Kithitu (Kamba's oath of justice) was a mysterious and malicious practice. Among the Kamba community, the oath was taken very seriously by people who felt that the elders' ruling didn't give them the expected justice.
The traditional Kamba council of elders (Nzama) handled and settled disputes among the community members. The first Kamba man introduced Kithitu to seek or avenge justice. It happened after he realized that the wealthy and prominent people would grab poor people's property and, since they were rich, refused to pay them back and instead mocked them.
The kithitu was seriously taken and feared. People who administered the oath had either lost their valuable items or had their livestock stolen. Most times, someone who had committed a crime would rather confess than watch the oath befall the whole family.
The kithitu was not taken or cast by anyone but older men and women in the community; or those who had no families or were divorced and had no intention of getting a family back. Anyone who took the kithitu was feared by the community and considered dangerous. Other people who cast kithitu didn't have families or were divorced with no intention of getting a family back. Kithitu was not touched by hand, and very few people would handle it.
Most people avoided it to prevent their families from dangerous consequences if things didn't go as planned. They believed kithitu could finish everything in the home of a person who cast the spell: Including his livestock and poultry, and even cause the death of children and close relatives until the seventh year if not stopped.
TYPES OF KITHITU
There are two ways in which Kamba people would seek justice using the kithitu.
A family member would use muma to curse someone who had stolen items such as money, clothes, or personal belongings. They often had an idea of who the person was, and after confronting them, they didn't take responsibility but denied it.
In this case, someone would take a cooking pot, put various seeds, lift it while cursing the person responsible that they may break that pot, and then knock the pot down.
Once the pot breaks into pieces and the seeds spill all over, it's a curse to that family. The kithitu of muma was common, and anyone could use it to seek justice.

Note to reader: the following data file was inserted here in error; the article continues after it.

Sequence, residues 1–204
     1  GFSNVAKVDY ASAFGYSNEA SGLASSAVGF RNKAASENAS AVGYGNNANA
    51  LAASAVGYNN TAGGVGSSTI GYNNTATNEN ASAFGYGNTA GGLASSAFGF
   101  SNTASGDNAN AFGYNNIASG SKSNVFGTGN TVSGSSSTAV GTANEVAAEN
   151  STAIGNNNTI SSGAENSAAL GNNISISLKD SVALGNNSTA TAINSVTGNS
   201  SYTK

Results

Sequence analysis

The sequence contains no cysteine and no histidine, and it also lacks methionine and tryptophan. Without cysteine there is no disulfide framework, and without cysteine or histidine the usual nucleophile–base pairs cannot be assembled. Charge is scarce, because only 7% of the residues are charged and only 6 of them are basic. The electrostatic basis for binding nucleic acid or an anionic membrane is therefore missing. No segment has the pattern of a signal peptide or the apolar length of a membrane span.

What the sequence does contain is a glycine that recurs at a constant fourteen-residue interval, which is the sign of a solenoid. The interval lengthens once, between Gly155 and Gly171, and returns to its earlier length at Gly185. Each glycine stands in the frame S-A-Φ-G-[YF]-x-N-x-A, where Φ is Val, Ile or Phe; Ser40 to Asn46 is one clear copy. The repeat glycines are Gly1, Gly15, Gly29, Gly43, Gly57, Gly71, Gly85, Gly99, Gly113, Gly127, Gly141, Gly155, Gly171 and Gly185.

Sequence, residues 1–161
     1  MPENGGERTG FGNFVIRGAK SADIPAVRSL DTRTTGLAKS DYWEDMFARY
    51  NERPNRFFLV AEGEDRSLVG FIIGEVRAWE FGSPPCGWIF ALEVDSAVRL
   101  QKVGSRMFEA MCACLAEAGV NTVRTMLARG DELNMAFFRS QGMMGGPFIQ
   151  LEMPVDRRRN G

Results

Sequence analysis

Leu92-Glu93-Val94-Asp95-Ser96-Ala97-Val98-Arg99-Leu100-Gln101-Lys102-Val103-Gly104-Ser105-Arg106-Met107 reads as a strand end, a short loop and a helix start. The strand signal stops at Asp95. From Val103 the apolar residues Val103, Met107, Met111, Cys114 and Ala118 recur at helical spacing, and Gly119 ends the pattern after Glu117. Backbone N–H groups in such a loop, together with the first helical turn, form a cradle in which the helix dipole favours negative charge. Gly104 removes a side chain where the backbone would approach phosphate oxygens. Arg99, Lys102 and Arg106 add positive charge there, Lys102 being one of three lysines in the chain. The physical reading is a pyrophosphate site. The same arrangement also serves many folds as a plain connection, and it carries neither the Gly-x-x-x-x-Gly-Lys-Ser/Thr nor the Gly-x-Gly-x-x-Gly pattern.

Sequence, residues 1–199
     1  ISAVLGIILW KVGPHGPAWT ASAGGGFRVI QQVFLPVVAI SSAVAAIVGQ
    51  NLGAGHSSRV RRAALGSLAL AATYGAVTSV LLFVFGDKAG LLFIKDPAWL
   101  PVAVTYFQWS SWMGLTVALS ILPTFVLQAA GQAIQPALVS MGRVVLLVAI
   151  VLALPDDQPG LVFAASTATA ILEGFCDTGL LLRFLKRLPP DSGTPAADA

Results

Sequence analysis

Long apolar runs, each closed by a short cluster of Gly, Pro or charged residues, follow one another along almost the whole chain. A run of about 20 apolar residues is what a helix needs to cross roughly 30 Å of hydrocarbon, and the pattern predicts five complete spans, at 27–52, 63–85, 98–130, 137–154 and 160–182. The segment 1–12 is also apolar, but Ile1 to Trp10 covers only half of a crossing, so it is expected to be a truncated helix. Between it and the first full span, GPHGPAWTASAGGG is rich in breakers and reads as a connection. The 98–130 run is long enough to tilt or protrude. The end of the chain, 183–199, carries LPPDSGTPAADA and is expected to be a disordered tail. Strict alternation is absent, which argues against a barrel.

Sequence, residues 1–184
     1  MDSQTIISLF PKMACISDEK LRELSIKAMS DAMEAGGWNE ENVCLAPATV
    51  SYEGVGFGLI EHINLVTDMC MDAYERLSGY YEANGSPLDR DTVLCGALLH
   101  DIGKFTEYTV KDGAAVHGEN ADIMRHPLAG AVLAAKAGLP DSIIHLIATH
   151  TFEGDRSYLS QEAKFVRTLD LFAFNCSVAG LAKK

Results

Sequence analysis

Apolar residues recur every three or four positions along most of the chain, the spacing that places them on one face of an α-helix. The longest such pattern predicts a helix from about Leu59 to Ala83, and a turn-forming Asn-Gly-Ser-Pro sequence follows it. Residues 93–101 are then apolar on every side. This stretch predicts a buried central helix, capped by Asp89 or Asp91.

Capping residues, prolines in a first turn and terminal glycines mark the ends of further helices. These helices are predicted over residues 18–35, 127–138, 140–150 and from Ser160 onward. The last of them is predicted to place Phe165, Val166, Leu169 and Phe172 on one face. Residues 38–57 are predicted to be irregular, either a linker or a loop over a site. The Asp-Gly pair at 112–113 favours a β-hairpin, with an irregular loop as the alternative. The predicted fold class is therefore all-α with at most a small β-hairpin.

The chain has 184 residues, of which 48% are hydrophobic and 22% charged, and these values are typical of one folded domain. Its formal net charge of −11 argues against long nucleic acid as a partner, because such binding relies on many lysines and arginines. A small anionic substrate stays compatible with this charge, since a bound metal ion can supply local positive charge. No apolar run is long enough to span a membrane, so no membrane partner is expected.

The second kithitu, uwe, was mysterious and dangerous and was able to kill people. Uwe was kept away from homes in the bushes, under big rocks, or in caves. It was an old age oath. Sometimes the kithitu could affect the person who administered it, so it was controlled. It could pose a severe danger to the family. It even killed the children. When people complained that someone had taken their property and couldn't get it back, and the council didn't trust them, they were asked to confess by swearing to kithitu. The oath was irreversible. If someone lied, the kithitu destroyed them instead of the suspect. The kithitu couldn't kill an honest person. Before striking the kithitu, the complainant asked the accused to return his property and gave them about 30 days. He took the oath if they failed to return it on time.
ADMINISTRATION OF THE KITHITU UWE
To strike the oath, one had to follow a particular process in a special place:
• Stripping naked and incising their private parts
• Extracting some blood
• Mixing it with herbs
• Smearing it on a hot knife
• Cast the oath
The kithitu spell could haunt the family members of the one who cast it if done wrongly. Therefore, Keenness was critical.
Herbs were cooked until they turned to charcoal in a unique pot. A particular stone was then used to grind the mixture. After that process, the person takes the pot, casting the spell. More herbs were added before it started functioning.
Afterwards, the oath taker dug a hole in the ground. It had to be done at a place with no vegetation, in the bushes away from home. The person then buried the pot and its contents in the hole and placed a stone on top. It signified the grave of the offender. From that moment, the offender's life was never the same again. Kithitu was in action.
CLEANSING AFTER ADMINISTERING THE OATH
When the consequences started showing, the victims had to find a solution. They sent elders to different seers to seek help. Later, all the elders then met to discuss their findings; and if there was a way to pay back or compensate the striker and get the family cleansed.
Sometimes, the people who took the oath never admitted to being responsible. They avoided being asked by the family to compensate for people who died due to striking kithitu if they were paid.
The cleansing process after the oath
In the case where the striker revealed himself, elders from both families met to try to sort things out. Upon agreeing, they would cleanse the family to stop more deaths.
The striker would then decline compensation to avoid the consequence of paying off the family for the lost people. Together with his family, they would never seek to avenge henceforth.
Before the cleansing, the council of elders would slaughter a sheep as a sign of peace. A specific part from the sheep's meat, muyoo, was removed. The elders buried the rest of the flesh.
The cleanser, who always inherited the role from the father, used the sheep's waste mixed with other traditional herbs to do the cleansing. Some herbs used were itchy and smelly, but the victim's family had to bear all these for freedom.
Married couples weren't allowed to have sex for seven days after the cleansing day.
After the cleansing, the elders took the instruments and herbs used to strike the oath of kithitu to the river. The people believed that all the miseries had been swept away by the river; now, the family was safe.
In a nutshell, kithitu was a deadly oath of justice due to its ability to cause death and go against humanity. We should always trust our courts of justice.
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